When I wrote my YA-novel, Honeysuckle Holiday, I knew it would take place in Memphis and in St. Louis -- two areas where I spent part of my childhood. Each city would leave a huge thumbprint on my life, particularly as I grew older and moved with my family to West Virginia, where the story concludes -- or perhaps, to some degree, begins. The main character in the novel is Lucy. Her sisters Caroline and Grace play significant roles in young Lucy's life, as she makes her way through the tumultuous period of change throughout the south in the 1960s. This photo was taken during that period in the backyard of Aunt Dodo's and Uncle Herman's house in St. Louis -- I'm the one on the right. And th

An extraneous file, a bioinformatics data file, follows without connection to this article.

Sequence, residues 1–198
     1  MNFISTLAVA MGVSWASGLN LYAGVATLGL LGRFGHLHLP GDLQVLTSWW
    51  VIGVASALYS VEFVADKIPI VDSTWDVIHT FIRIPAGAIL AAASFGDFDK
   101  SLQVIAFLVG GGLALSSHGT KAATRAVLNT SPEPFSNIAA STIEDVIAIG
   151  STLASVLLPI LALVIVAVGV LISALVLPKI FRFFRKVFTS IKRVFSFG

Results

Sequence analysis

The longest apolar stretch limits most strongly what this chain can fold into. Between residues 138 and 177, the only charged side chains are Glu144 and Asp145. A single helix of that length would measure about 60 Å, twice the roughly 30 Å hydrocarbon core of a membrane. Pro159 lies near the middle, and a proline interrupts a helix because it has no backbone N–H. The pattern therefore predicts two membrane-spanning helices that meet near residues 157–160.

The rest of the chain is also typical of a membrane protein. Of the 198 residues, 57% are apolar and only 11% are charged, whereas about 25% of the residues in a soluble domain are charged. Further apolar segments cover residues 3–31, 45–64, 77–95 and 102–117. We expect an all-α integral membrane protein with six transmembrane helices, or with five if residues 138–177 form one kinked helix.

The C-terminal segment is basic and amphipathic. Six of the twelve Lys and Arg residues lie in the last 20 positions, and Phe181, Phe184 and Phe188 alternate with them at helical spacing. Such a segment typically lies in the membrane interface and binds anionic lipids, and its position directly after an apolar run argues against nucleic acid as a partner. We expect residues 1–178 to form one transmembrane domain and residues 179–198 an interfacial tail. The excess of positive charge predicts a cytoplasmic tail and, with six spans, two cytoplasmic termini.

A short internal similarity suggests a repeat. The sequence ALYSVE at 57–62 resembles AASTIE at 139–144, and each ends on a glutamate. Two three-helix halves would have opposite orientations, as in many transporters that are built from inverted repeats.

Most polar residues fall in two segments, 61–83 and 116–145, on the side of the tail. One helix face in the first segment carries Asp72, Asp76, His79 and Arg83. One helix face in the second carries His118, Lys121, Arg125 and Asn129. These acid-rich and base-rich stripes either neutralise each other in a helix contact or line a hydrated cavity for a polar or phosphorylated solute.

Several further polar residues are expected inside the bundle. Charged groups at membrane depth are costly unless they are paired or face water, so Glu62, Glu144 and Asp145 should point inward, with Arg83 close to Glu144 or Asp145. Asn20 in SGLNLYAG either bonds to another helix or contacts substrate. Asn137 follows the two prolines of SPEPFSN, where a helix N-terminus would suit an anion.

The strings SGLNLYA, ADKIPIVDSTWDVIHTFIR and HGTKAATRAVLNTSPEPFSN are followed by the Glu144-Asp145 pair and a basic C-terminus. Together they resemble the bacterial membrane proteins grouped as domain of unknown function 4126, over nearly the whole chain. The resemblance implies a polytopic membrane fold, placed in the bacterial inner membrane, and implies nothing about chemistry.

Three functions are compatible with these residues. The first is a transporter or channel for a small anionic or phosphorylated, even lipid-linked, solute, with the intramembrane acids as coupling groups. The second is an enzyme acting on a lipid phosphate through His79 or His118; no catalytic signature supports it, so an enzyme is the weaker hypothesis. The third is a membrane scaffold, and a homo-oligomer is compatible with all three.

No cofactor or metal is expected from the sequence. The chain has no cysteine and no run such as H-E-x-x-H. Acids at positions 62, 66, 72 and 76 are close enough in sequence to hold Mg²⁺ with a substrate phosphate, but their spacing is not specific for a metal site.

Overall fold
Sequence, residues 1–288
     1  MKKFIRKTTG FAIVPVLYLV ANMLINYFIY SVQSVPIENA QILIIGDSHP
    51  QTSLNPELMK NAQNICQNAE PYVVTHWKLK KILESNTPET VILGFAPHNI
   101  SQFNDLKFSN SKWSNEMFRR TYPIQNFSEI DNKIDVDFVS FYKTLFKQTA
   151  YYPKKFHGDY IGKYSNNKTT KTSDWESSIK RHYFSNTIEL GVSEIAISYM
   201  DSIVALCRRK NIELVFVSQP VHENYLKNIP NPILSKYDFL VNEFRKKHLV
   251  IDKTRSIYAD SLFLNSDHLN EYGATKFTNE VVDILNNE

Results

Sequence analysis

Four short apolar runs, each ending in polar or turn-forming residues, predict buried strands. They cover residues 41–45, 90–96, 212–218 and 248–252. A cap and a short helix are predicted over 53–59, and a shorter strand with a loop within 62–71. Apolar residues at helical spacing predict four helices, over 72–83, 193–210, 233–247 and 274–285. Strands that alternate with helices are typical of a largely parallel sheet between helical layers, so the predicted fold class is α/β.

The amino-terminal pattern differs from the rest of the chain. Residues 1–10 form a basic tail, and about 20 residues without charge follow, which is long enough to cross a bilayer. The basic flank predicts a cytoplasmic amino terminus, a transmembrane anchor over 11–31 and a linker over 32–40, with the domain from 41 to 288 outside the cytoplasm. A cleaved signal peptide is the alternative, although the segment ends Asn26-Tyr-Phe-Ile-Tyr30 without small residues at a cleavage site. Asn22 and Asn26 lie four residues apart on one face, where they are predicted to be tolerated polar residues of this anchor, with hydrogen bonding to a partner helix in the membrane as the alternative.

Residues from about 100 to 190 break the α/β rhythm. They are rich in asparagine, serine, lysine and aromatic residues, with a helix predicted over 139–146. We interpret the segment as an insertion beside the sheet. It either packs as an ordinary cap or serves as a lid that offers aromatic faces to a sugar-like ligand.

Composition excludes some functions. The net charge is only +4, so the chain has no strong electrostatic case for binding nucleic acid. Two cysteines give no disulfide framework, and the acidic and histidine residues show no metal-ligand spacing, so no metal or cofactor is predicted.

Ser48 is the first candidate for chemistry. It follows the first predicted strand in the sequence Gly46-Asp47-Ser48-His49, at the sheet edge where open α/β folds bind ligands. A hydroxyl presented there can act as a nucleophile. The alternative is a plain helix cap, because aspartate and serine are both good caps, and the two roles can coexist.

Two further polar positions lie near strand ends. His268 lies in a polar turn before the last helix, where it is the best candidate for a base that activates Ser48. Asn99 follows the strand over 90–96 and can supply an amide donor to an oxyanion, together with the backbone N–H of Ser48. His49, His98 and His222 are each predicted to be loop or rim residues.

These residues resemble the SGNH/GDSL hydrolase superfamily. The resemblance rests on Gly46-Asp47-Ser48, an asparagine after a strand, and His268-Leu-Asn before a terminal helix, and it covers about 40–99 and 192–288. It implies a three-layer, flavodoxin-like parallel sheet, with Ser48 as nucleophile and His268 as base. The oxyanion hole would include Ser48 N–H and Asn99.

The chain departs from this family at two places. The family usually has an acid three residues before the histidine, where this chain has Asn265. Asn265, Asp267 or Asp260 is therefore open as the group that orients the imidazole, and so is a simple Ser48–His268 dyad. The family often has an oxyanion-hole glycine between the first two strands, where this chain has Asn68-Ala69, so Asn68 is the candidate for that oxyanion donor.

For as long as I can remember, I've been a writer -- short stories, journal/diary entries, poetry, essays, and most recently, novels for young adults and middle-grade readers. I've either had a pen in my hand or my nose in a book. And sometimes, both at the same time! The written word and its creation are as integral to my daily schedule as rising & showering & eating. And the creation of each genre gifts as much from its fruition as from its first word. It's a magical adventure. Reading the short stories of Raymond Carver, the poetry of Billy Collins and Mary Oliver, and the deeply-affecting essays of Joan Didion laid a foundation for my own work. And the works of myriad Southern writ

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